“you’ll have an entire population growing up and going through life and just never really finding joy” -Simon Sinek on Millennials

Instant gratification. You want to go on a date? You don’t even have to learn how to be socially awkward on that first date. You don’t need to learn how to practice that skill. You don’t have to be the uncomfortable person who says yes when you mean no and no when you mean yes. Swipe right – bang – done! You don’t even need to learn the social coping mechanism.

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Everything you want you can have instantaneously. Everything you want, instant gratification, except, job satisfaction and strength of relationships – their ain’t no out for that. They are slow, meandering, uncomfortable, messy processes.

And so millennials are wonderful, idealistic, hardworking smart kids who’ve just graduated school and are in their entry-level jobs and when asked “how’s it going?” they say “I think I’m going to quit.” And we’re like “why?” and they say “I’m not making an impact.” To which we say—“you’ve only been there eight months…”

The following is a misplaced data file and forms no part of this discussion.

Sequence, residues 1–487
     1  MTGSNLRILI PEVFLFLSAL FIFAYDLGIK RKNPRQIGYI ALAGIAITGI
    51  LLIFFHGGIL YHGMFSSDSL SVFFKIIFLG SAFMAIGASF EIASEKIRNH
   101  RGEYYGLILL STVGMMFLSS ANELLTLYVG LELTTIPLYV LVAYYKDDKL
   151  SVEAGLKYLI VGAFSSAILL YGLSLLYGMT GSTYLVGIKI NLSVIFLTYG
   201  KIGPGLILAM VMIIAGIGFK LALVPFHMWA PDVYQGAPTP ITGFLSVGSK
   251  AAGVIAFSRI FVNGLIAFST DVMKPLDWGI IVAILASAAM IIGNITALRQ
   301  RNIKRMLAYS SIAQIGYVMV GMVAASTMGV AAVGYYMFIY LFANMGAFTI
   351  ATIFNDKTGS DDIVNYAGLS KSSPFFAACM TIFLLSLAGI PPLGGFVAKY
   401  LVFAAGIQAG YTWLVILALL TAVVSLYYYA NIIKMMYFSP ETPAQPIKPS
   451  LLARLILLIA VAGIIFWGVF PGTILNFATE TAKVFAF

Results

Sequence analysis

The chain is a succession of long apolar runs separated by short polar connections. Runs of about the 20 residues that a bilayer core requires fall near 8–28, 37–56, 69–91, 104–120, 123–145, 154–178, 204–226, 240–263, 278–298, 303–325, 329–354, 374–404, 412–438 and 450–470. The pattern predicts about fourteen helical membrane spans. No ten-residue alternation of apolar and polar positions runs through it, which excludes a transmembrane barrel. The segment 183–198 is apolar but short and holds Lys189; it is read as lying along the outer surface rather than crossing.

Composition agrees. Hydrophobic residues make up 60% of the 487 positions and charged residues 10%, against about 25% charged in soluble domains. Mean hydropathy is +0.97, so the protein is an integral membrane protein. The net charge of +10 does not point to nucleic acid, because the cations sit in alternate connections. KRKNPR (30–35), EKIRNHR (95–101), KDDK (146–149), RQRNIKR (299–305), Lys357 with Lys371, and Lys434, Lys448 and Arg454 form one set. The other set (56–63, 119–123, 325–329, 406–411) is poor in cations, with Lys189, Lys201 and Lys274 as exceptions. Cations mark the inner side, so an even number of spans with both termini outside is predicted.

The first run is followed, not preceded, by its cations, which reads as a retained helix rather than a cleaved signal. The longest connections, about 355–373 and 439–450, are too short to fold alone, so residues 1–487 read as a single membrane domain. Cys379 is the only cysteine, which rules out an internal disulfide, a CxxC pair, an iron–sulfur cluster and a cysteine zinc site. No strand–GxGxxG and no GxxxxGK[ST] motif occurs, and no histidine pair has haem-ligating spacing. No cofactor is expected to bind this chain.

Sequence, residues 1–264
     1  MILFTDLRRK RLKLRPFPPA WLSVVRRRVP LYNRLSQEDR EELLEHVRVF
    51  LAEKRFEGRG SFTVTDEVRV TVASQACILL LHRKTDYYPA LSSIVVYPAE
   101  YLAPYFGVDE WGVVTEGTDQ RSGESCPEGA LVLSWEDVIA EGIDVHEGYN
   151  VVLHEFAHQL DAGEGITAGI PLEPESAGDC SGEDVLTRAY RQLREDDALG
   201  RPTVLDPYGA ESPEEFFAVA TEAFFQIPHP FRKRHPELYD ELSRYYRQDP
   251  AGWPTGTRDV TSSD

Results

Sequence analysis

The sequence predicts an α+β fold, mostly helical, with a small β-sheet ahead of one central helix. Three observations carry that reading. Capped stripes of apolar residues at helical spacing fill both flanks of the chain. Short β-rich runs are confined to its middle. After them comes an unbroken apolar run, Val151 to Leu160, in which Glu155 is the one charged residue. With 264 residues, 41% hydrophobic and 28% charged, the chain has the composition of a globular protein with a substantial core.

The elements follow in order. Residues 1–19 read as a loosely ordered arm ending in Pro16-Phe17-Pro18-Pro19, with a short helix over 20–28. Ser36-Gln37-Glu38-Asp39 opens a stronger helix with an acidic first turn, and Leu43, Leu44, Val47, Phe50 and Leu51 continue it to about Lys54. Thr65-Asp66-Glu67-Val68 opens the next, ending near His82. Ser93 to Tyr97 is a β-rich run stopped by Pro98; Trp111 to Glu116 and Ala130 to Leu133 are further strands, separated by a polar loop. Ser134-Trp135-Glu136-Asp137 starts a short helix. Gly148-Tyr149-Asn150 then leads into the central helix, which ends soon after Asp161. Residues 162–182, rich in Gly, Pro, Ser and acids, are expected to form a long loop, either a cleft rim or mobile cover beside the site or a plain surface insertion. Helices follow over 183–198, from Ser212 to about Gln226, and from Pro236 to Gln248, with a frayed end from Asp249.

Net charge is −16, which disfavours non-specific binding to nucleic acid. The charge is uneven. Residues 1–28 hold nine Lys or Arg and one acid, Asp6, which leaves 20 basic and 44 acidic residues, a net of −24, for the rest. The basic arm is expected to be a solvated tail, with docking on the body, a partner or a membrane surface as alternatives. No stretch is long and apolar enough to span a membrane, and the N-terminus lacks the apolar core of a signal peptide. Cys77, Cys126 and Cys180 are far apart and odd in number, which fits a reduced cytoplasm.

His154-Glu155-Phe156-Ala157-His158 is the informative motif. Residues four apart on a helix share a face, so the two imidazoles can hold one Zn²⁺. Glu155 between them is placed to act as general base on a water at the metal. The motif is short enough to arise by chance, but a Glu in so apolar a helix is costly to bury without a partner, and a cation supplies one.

It’s as if their standing at the foot of a mountain and they have this abstract concept called impact that they want to have on the world, which is the summit. What they don’t see is the mountain. I don’t care if you go up the mountain quickly or slowly, but there’s still a mountain. And so what this young generation needs to learn is patience. That some things that really, really matter, like love or job fulfillment, joy, love of life, self confidence, a skillset, any of these things, all of these things take time. Sometimes you can expedite pieces of it, but the overall journey is arduous and long and difficult and if you don’t ask for help and learn that skillset, you will fall off the mountain. Or the worst case scenario, we’re seeing an increase in suicide rates in this generation, we’re seeing an increase in accidental deaths due to drug overdoses, we’re seeing more and more kids drop out of school or take a leave of absence due to depression. Unheard of. This is really bad.